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Cornell International Law Journal Online

Countering An Illegal Expropriation to the Sound of the Gavel: GM vs Venezuela?, Vol. 56.2

Danilo Ruggero Di Bella


29 Dec 2023

This article illustrates how bilateral investment treaties (BITs) help foreign investors to protect their undertakings against expropriations by the host state.  By taking a real life example, the article will briefly discuss the 2017 expropriation of General Motors’ assembly plant in Venezuela.  Following that, it will show how GM may avail itself of international rights to counter the unlawful expropriation by filing for international investment arbitration based on the applicable BIT.  In arbitration, GM may ask for the restitution of the plant and/or the payment of compensation of over $100 million.  The article will conclude by making reference to the applicable arbitration rules and forum, and how the ensuing arbitral award may be enforced worldwide.  

The background of the dispute

In April 2017, a Venezuelan court ordered the seizure of GM’s entire plant in Valencia – a plant estimated to be worth over USD 100 million – to compensate two car dealerships for the termination of their dealership agreements by GM.  

Back in the year 2000, on July 12, GM Venezuela sent a notice to two car dealerships to terminate their agreements.  These dealership agreements were entered into on July 19, 1999, and were due to expire on January 15, 2000, but GM Venezuela extended their duration up to August 15, 2000.  The agreements provided grounds for early termination in case the parties defaulted on their obligations.  Because the car dealerships defaulted on their obligations, GM Venezuela sent them a notice of termination that went into effect on August 15, 2000.  

Upon receiving the notice, the two car dealerships filed a claim for constitutional protection with Venezuelan courts to rescind the effects of the notice of termination.  On October 25, 2000, the court declared the two notices of termination null and void, thus reinstating the original dealership agreements, which themselves were due to expire on August 15, 2000.  As such, the court decision limited itself to declaring the invalidity of the two notices of termination of July 12, 2000, without amending or further extending the duration of the dealership agreements, and the agreements were expired on August 15, 2000.  

After the court case had remained dormant for seven years, the two car dealerships purported to execute the court’s ruling by requesting the delivery of over 9,000 vehicles from GM Venezuela, to be paid at cost price and only upon purchase of any given vehicle by the final customer.  Although the  court’s ruling did not impose either compensatory effects or constitutive effects that provided for new obligations for the parties in the dealership agreements , the enforcement court issued an order on August 7, 2007 giving effect to the car dealerships’ request, without even notifying GM Venezuela of the process, and thus depriving GM of the right to defend itself.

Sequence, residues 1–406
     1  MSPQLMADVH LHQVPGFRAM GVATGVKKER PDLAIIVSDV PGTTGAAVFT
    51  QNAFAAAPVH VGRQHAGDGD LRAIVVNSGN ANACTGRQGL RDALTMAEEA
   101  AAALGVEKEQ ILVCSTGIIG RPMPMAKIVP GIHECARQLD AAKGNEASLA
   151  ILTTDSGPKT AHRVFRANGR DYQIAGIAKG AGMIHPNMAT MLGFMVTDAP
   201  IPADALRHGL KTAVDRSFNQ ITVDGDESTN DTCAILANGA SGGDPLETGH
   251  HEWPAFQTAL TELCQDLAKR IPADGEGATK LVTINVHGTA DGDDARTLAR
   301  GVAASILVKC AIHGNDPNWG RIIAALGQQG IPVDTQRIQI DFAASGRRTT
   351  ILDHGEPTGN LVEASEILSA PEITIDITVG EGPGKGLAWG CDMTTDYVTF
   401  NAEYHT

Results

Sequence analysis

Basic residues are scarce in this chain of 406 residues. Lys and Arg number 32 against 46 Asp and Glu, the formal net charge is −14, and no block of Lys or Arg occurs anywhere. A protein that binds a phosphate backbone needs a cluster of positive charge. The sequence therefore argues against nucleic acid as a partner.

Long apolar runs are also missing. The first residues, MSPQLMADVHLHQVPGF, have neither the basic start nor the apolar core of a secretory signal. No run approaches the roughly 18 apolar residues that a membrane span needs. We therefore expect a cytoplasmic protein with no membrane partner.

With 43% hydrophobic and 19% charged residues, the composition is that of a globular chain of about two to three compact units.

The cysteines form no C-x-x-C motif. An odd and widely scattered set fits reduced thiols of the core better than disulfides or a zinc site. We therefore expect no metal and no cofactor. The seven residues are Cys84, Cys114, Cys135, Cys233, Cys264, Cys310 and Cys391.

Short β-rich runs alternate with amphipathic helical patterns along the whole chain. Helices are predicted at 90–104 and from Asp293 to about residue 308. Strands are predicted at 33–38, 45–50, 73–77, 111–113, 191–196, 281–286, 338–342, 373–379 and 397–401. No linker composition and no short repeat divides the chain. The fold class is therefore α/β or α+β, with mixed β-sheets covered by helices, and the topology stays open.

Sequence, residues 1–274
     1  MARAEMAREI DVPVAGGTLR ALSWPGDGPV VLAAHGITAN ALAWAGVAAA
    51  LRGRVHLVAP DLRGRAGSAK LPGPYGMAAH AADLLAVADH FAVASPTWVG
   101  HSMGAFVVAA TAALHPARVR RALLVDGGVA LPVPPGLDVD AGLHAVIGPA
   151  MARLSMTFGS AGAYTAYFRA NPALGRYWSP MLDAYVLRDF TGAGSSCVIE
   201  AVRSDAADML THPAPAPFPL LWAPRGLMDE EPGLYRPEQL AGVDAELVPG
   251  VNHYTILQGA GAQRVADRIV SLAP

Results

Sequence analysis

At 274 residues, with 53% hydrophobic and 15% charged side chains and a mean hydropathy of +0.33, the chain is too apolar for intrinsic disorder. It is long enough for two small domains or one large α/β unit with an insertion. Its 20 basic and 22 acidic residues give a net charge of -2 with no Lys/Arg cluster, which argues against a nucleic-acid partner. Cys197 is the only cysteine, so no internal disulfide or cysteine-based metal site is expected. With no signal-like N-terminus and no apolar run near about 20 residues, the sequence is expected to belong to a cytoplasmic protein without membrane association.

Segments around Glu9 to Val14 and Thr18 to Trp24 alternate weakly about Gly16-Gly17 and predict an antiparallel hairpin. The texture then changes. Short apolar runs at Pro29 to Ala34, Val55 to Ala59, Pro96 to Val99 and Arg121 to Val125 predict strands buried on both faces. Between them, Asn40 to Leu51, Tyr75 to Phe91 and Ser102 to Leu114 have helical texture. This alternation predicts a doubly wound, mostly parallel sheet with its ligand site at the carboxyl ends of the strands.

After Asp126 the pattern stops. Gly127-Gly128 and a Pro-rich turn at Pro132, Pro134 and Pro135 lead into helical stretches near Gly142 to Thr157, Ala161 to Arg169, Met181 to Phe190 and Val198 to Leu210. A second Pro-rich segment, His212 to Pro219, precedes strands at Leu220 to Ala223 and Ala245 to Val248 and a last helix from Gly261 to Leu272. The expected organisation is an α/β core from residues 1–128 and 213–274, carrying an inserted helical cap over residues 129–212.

The 2007 enforcement order went beyond the res judicata boundaries of the 2000 ruling. Indeed, there is no identity between what was intended to be executed (an order to hand over vehicles) and the operative part of the 2000 court’s ruling (a declaration of invalidity of the notices of termination).  As such, this constituted a grotesque violation of due process.  Accordingly, GM opposed the 2007 enforcement order, which resulted in158 vehicles being impounded.  

On June 13, 2016, another enforcement order was issued against GM Venezuela that renewed the injunction to hand over more than 9,000 vehicles.  Because GM could not materially comply with the delivery of these vehicles, the court ordered on April 4, 2017, the forced seizure of GM’s assets in order to collect a monetary sum equal to the value of the 9,000 vehicles. This monetary sum was approximated by the court at $100 million based on an anonymous estimation, without input from any experts.  

On April 18, 2017, Venezuelan authorities forcibly took over GM’s plant in Valencia, seizing production facilities and car stock, and causing GM to cease all operations in Venezuela.  

On April 25, 2017, GM Venezuela challenged the court’s decision before the Venezuelan Supreme Court, arguing that it defies any legal logic.  

Nevertheless, on May 25, 2017, the Supreme Court confirmed the lower court’s order to seize GM’s assets, including its assembly plant.  However, one of the Supreme Court’s judges expressed a dissenting opinion finding elements that hinted at violations of due process and the constitutional order.  

The Potential Treaty-Based Investment Arbitration

In light of this denial of justice leading up to an unlawful expropriation disguised as court enforcement orders, GM may seek protection and redress under a BIT.  General Motors Venezolana Compañía Anónima (“GM Venezuela”) is wholly owned by General Motors Automotive Holdings SL (“GM Spain”), a company incorporated in Spain.  As such, GM Spain may invoke the Spain-Venezuela BIT to launch an investment arbitration, through which it may claim that Venezuela breached her international obligations under that treaty with respect to its investment in Venezuela – viz. GM Venezuela – and seek reparation.  Specifically, GM may claim that Venezuela has committed a breach of her international obligations to provide full protection and security, to accord fair and equitable treatment, and to pay compensation following a creeping expropriation.